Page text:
One of my talents that serves me and my clients well is an ability to devise a framework, a structure for ideas to build on. I was once described as a mason, repairing and building the pillars that hold up the roof. Structure creates order, sequence and a foundation for ideas to take off.
I have known and worked with people who only understand framework and structure. They’re adept at outlines, at plans and calendar systems. They are intent on planning and order for the sake of order alone. But what good is a structure if nothing is built with it? It becomes a bare skeleton, never fleshed out.
Neither extreme will get you very far. It’s the partnership between those two that creates worlds! And what a partnership it can be! The idea person explains the creative idea, what it means, who it is intended for, what the results would be. The mason can take that concept and develop the structure that would provide the support and plan to actually make something of it that can have real-world results.
Now one challenge can be the “language barrier.” Have you ever conversed with a left-brain IT programmer? Or have you listened to a highly intuitive writer when they’re on a creative roll? Neither of those will communicate well with the other without a bridge.
The moral of this story is that you creative types will benefit from working with a more left-brain foundation-builder, and you left-brained structure folks will benefit from working with those who can flesh out your structure. Choose your team carefully to ensure that ideas don’t die on the vine – the world needs to hear from you!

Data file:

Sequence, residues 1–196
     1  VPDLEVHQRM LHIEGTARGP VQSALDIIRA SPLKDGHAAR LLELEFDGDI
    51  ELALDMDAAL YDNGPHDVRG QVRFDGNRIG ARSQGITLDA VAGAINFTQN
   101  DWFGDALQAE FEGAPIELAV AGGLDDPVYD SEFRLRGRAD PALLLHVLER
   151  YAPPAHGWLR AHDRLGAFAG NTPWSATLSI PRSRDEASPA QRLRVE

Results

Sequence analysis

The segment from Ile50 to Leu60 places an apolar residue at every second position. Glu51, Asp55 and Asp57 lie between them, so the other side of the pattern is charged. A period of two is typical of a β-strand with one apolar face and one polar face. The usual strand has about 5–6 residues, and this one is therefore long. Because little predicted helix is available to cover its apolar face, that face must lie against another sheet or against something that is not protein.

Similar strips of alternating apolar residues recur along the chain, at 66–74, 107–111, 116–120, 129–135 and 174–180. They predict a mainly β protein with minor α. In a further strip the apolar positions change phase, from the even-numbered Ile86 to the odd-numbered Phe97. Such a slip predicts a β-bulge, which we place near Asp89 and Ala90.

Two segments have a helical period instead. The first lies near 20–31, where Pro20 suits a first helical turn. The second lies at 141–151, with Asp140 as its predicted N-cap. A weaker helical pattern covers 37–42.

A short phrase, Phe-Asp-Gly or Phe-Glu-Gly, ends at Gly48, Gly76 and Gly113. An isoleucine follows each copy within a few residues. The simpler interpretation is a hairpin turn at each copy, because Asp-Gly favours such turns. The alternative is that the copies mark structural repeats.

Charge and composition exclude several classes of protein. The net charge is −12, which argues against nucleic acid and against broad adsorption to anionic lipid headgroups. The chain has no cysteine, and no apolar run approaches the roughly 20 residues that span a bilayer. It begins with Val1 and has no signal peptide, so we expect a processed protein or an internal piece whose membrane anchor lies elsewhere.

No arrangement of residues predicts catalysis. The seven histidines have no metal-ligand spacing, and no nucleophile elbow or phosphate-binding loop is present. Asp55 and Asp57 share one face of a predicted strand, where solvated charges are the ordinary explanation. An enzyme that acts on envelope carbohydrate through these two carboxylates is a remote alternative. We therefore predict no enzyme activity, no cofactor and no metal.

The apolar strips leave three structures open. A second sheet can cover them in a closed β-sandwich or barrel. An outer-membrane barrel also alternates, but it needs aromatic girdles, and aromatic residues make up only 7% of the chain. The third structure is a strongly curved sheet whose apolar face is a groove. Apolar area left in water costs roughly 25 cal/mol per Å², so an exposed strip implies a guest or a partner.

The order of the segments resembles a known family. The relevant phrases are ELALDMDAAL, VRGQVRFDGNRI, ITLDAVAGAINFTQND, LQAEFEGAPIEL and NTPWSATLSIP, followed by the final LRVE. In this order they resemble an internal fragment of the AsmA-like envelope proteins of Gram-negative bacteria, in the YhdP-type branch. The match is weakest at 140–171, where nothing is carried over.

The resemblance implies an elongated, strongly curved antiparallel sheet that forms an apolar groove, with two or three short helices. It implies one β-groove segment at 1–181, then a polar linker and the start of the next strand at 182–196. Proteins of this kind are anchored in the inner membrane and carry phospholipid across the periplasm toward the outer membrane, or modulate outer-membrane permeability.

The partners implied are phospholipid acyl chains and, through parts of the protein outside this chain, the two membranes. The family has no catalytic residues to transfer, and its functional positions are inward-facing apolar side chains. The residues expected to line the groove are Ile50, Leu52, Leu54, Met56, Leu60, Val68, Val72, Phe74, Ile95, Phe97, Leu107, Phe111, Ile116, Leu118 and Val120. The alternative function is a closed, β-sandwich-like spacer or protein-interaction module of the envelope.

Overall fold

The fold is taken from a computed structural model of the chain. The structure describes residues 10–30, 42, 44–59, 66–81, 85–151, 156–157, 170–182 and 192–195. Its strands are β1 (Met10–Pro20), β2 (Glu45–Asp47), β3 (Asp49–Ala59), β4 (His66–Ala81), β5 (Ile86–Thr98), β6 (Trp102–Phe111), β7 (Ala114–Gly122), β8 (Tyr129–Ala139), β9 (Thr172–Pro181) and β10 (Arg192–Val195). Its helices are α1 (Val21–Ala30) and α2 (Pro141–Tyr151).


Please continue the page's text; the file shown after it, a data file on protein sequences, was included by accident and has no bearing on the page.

Have you ever taught a class or workshop and didn’t create any handouts, workbooks, or training manuals because you didn’t know how? Here’s your brief guideline!
Start by looking at your notes or script for the class. Type (or write) the key points you will teach. Under each, in outline format, type the sub-points. For instance, let’s say you want to teach a class on how to create an organic garden. Your key points could include soil, water, light, fertilizer, plants to choose, etc. Under the heading for soil, you might write what key components of the soil should be, nutrients, maintenance, etc.
Be sure to include some form of paper take-away for reference and marketing purposes. Your workbook or handout should include the key talking points (but not all the information you discussed), branding and contact information for your business, and perhaps other resources. Be sure it is professional and attractive in appearance, and reflects the colors and fonts of your branding.
If you are creating an actual workbook that you want students to use during and after class, you may need more expertise than you have, unless you’re excellent at Word or Pages. The workbook should reflect all the considerations above, but also be easy to use. Ensure sufficient space to write, offer open-ended and provocative questions to get students thinking and feeling, and offer clear organization of the material.
This overview of content creation will get you started on creating a more useful and engaging training or class. And when you need more help, you know where to go: LightseedsbyHolly.com!
Welcome! These stories, tips and tricks are intended to help you save time, and be more organized and effective in your work. New items will be added frequently so check back often.